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Candidates' pasts can give glimpse of future
Time is running out for voters, who have until May 20 - if they cast their ballots on primary election day - to find out what they can about the men and women running for local, state and federal office. Those who want their vote to count for something will do what they can to learn about the people who are asking for their allegiance.

Of course, as in any political contest, there is the usual forest of rhetoric to navigate through in an election year. That's not always easy to do. In fact, some voters never find their way out and, frustrated, either decide to just stay home on election day or flip a coin mentally to decide who will win their ballot.

There is one sure fire way to know what a man or woman will do if elected to public office. Voters can get a fairly accurate picture of what candidates elected to office will do by first reviewing what each has done or accomplished in the past. The past of candidates is a clear window to their futures. Unlike some campaign promises, the past does not lie. It is there for all to see.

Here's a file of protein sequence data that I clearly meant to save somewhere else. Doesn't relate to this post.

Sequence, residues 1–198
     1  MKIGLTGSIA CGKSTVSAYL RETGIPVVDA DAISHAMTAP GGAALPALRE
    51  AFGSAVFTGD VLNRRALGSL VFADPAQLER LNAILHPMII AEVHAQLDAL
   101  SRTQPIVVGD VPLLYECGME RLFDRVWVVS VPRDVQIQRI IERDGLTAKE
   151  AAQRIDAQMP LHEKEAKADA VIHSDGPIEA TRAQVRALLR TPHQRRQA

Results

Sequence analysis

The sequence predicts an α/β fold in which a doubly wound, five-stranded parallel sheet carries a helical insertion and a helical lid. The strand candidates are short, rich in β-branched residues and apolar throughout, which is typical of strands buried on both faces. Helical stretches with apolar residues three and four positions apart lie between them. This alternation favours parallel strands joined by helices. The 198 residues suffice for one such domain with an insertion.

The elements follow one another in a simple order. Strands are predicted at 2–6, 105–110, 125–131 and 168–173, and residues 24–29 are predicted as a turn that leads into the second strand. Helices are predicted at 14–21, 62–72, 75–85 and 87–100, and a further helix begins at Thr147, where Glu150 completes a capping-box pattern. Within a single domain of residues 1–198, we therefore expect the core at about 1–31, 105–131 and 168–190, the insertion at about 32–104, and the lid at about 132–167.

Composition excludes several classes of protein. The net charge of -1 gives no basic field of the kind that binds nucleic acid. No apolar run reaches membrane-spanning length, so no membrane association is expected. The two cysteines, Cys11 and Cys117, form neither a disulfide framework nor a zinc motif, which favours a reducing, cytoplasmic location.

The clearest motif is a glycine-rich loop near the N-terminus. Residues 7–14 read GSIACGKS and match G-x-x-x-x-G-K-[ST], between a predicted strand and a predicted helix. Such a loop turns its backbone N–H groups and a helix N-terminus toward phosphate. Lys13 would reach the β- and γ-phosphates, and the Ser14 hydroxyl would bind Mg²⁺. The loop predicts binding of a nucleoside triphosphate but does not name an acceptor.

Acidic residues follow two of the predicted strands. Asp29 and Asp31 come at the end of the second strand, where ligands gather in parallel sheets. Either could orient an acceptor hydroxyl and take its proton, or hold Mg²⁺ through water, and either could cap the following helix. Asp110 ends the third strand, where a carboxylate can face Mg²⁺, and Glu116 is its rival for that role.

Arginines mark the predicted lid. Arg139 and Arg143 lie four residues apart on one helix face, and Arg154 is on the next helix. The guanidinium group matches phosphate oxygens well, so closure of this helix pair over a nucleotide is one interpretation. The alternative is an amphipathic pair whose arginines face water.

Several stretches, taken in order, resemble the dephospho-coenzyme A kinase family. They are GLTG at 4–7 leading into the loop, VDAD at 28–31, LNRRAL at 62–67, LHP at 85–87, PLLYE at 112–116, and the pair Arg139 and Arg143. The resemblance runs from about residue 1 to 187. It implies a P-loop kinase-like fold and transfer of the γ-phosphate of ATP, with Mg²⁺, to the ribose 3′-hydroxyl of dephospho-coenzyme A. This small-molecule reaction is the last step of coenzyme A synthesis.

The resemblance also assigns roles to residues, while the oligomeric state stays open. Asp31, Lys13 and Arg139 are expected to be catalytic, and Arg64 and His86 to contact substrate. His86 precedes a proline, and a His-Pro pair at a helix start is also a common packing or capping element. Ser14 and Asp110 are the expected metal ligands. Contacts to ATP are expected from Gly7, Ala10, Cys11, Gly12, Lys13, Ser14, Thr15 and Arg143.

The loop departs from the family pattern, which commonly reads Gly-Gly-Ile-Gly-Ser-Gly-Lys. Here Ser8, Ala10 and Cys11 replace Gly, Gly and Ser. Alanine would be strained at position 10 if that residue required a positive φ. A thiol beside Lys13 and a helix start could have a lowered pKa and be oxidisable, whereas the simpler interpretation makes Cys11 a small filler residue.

Individuals, for example, who express concern for the community but who have never lifted as much as a small pinky to help it in any way might be suspect. Voters might ask them to explain their sudden change of heart. They might ask them why they suddenly care about what's happening or not happening when they didn't seem to be too concerned about it in the past.

There could be a reasonable explanation. It's something voters would have to decide for themselves,

A person who has been active in the community, on the other hand, obviously has at least some concern for fellow Glynn Countians, Georgians or Americans. He or she has proved it.

Check out a candidate's past. It might save you and the community a lot grief in the future.

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